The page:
Friday, December 26, 2008

Kenzie's Story

This post is a long one so be forewarned.

Kenzie Jade was born November 5, 2007. She was full term and able to go home normally with her parents (us), Amy and Jordan. From day 4 of life Kenzie had trouble digesting breast milk. She would vomit most of her feeds and by two weeks old she had gone from her birth weight of 6.2 lb to 5.8 lb. Kenzie was then admitted to the hospital for "failure to thrive". Between 2 - 3 weeks old, Kenzie's weight plummeted to 5.0 lb as she started to have massive diarrhea. At 2.5 weeks old the doctors at Schneider’s Childrens Hospital in Long Island put in Kenzie's first NG tube (a feeding tube that goes in through the nose), performed an endoscopy, and took Kenzie off breast milk and switched her to a specialized formula. Kenzie did well and was discharged from the hospital 5 days later with her NG tube in place. Over the next 2 weeks Kenzie really responded and her NG tube was pulled. At this point we thought the horrible stench of her new formula was the worst thing we'd have to deal with. She drank her formula by bottle and thrived.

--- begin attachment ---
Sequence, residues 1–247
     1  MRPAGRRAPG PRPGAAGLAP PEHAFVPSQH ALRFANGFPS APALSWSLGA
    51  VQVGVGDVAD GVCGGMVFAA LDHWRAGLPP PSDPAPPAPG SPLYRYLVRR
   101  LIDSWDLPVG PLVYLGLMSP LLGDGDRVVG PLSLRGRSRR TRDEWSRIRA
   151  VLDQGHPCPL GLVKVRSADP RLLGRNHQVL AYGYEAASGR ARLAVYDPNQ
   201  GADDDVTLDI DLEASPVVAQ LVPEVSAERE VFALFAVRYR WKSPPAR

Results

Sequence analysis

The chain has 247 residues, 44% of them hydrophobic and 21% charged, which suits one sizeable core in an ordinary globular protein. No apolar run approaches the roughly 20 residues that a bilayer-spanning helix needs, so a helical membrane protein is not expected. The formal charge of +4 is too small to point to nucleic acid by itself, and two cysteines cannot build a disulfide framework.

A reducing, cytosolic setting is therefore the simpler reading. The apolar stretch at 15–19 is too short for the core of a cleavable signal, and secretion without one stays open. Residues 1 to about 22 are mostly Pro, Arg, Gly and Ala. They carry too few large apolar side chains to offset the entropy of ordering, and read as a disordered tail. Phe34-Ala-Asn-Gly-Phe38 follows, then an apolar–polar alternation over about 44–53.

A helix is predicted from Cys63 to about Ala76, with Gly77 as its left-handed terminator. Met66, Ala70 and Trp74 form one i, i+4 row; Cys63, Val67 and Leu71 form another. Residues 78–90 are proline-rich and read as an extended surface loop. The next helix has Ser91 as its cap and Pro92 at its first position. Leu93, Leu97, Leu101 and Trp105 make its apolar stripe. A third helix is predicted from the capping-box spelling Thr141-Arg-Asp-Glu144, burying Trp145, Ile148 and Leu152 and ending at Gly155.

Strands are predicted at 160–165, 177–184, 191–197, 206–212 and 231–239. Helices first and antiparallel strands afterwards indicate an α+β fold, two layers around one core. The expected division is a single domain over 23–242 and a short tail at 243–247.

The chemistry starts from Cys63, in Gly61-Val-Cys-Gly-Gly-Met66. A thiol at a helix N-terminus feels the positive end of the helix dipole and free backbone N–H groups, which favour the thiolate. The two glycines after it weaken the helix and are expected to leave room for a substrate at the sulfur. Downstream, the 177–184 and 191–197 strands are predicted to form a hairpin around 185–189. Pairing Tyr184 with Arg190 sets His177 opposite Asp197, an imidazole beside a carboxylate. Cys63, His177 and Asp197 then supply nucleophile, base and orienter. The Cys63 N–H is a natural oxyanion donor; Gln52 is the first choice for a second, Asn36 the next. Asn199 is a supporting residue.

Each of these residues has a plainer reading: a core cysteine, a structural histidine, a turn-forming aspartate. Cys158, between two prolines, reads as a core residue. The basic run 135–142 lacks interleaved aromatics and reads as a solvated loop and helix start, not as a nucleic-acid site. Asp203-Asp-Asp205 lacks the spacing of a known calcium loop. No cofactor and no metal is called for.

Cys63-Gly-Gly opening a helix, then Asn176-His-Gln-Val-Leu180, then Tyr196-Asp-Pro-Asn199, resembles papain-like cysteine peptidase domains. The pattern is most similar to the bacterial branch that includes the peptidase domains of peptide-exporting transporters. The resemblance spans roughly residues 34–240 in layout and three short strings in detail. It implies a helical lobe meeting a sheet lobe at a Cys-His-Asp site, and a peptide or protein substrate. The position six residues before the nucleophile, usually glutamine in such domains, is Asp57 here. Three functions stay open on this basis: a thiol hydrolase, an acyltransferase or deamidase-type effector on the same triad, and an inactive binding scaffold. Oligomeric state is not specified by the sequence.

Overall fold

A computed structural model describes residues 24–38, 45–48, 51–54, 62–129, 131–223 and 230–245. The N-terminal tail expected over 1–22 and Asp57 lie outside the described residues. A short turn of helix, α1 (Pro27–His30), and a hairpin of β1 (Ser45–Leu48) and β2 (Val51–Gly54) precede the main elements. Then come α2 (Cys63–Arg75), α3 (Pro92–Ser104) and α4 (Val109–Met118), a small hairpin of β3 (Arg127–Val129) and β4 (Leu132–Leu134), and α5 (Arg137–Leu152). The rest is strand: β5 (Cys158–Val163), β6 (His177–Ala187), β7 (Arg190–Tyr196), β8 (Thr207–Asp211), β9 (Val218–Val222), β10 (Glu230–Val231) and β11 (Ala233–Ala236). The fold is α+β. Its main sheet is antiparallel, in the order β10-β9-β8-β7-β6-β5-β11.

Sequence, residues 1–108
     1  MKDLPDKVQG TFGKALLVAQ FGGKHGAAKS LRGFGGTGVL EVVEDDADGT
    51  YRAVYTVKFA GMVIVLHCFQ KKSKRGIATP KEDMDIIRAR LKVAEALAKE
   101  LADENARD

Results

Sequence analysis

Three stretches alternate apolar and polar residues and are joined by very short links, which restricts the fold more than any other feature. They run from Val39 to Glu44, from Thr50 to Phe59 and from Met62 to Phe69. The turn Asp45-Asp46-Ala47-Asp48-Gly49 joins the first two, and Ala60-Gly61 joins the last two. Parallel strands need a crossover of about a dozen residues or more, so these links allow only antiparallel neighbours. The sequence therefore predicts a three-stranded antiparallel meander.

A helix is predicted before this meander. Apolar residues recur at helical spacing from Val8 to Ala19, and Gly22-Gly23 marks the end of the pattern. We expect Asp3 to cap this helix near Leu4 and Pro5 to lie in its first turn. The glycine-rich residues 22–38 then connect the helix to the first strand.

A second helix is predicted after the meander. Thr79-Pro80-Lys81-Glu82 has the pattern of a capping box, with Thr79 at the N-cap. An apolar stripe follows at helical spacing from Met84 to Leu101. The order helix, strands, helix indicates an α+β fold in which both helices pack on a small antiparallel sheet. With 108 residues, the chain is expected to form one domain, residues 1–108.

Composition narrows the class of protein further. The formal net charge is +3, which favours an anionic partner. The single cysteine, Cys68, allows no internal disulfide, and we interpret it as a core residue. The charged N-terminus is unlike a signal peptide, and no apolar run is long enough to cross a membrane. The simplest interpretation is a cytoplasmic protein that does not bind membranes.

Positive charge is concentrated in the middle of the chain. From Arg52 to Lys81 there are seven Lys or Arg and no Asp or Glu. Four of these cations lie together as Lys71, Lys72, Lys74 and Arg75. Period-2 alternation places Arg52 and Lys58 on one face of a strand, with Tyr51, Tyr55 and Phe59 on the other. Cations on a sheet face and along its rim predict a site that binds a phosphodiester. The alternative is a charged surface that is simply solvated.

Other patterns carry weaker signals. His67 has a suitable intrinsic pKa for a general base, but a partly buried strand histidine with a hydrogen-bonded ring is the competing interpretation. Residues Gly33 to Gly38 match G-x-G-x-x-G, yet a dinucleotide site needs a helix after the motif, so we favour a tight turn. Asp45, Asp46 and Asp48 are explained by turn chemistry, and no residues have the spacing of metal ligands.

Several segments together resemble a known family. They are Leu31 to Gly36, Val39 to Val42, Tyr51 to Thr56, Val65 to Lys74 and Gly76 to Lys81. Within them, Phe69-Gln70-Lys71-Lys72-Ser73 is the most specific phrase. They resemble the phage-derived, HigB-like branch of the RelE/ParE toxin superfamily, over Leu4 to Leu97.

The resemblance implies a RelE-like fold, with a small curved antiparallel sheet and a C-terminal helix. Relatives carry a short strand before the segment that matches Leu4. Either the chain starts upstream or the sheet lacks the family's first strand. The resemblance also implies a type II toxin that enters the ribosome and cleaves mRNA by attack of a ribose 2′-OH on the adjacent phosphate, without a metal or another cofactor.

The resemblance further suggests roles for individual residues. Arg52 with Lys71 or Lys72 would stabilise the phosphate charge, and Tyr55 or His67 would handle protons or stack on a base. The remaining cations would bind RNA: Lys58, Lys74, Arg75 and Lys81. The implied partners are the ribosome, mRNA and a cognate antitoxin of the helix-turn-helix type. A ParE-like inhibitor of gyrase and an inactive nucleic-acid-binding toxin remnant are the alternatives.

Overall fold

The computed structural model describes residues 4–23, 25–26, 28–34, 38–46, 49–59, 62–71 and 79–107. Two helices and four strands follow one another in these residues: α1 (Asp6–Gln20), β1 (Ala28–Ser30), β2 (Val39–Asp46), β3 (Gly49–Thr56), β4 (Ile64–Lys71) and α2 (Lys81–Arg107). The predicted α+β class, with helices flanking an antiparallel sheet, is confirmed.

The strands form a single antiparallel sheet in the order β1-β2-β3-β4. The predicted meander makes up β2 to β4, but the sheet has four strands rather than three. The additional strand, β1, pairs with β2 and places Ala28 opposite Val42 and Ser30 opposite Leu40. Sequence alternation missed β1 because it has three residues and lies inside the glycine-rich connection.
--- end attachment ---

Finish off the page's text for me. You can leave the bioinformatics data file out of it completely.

At about 5 weeks old her health started to fail again and she was back below birth weight. The NG tube was put back in and a week later at 6 weeks old, Kenzie was readmitted to Schneider’s. On Dec 29, 2007, Kenzie underwent a surgery to place a broviac line into her vein. The broviac line is a special type of IV that’s able to provide TPN (total parenteral nutrition). Although TPN was able to keep Kenzie alive and provide her with the calories she needed to thrive, it carried many potential complications. We had her transferred to Columbia Children’s Hospital during this admission where she underwent one more surgery to insert a different broviac line. Recently, I've looked back at emails from this time and I realize that again, the way we got through this difficult time was that we really believed this would all be over within a few days. A month later we went home.

We managed Kenzie's TPN at home for 7 months. During this time Kenzie had a few colonoscopies, a surgery to insert a GTube (a more permanent tube to feed her straight in her belly) and she stopped eating by mouth. Right around her 3 month birthday Kenzie started refusing the bottle. She would force herself to gag and vomit when we put it near her mouth. We began intensive feeding therapy but Kenzie always got worse rather than better. Time passed and Kenzie was never able to tolerate more than 7 ounces a day of the formula they had her on. She was hooked up 24 hours a day to her GTube and 10 hours every night to her broviac line. We also noticed swelling in her face which became progressively worse. Kenzie was in and out of the hospital for rule out line infections (every time she had a fever of 100.4 or higher - which happened often... she was automatically admitted for 48 hours) from January thru June.